Most days there’s just one course and wine bottle on my dinner table. I prefer red wines, so that’s what I have except when I have fish, a Asian stir-fry or a pizza, then I open a dry white wine.
However when friends come for dinner and on celebratory occasions we have more courses and an excuse to open more bottles.
The standard mantra for the order of wine service is simple, and makes sense:-
- White wine before red wine
- Light wine before heavy wine
- Dry wine before sweet wine
But it’s not written in stone, and there are exceptions. Maybe if you’re having a salmon starter you could accompany it with a slightly chilled Beaujolais or Pinot Noir and have a full-bodied oaked Chardonnay or Semillon with the main course. The fresh barely tannined red wines with the starter will be lighter than the main course white.
The golden rule is always to drink what you like, not what someone else recommends as the correct thing. I did spend a couple of months some years ago as an experiment by deliberately drinking the ‘wrong’ wines – white with steak, red with fish and so on, and quite frankly there were no disasters. Any wine is better than no one, in my opinion. Over time one comes to conclude one own preferences about what wines go with what meals. And I can’t see that any wine choice makes a worse match with any food than a cola or sweet iced-tea.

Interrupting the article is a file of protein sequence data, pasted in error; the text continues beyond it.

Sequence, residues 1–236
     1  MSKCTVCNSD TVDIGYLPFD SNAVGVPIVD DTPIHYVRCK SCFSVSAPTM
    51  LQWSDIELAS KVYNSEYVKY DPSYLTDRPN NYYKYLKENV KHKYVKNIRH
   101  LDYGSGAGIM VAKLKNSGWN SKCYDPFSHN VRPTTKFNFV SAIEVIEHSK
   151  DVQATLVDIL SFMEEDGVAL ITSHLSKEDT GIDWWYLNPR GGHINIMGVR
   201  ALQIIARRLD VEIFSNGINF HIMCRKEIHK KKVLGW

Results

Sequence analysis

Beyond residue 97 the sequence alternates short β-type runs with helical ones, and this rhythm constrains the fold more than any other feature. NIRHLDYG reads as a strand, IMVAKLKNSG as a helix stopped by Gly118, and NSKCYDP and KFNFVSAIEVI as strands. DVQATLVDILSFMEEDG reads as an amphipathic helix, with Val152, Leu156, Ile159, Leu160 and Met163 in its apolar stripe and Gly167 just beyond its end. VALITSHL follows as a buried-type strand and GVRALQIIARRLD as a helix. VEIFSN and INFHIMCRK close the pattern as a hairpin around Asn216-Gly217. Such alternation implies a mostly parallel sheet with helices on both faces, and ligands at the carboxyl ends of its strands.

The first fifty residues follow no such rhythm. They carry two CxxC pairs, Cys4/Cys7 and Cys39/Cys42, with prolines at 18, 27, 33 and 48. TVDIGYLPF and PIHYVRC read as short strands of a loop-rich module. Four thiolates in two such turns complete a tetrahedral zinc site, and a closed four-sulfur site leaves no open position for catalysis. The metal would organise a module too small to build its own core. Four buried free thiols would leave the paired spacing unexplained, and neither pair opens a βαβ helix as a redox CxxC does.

I like to offer a sparkling wine as an aperitif before dinner, and my choice is Champagne. That’s not as extravagant as it may seem because I live near to Champagne where I can buy inexpensively from small producers at their cellar door. Sparkling wines tend not to have too high alcohol which is good when it precedes other wines.
Such occasions are the rare times I open a bottle – or more usually a half-bottle – of very sweet wine. Dessert wines – or ‘stickies’ as they are known in Australia – are hugely enjoyable and tend to be keenly priced. Port, the fortified sweet wine from Portugal is the traditional choice, and very competitively priced with a excellent Late Bottled Vintage costing no more than an averagely good table wine. Alternatively, look for one of the many wines made from grapes of the Muscat family, deliciously sweet, tasting of grapes and low in alcohol.
Whether it is for a family get together, a wedding, or a formal banquet don’t worry too much about what is the correct order of serving. If in doubt stick to the three simple suggestions above. And enjoy!
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Peter F May is the author of Marilyn Merlot and the Naked Grape: Odd Wines from Around the World which features more than 100 wine labels and the stories behind them, and PINOTAGE: Behind the Legends of South Africa’s Own Wine which tells the story behind the Pinotage wine and grape.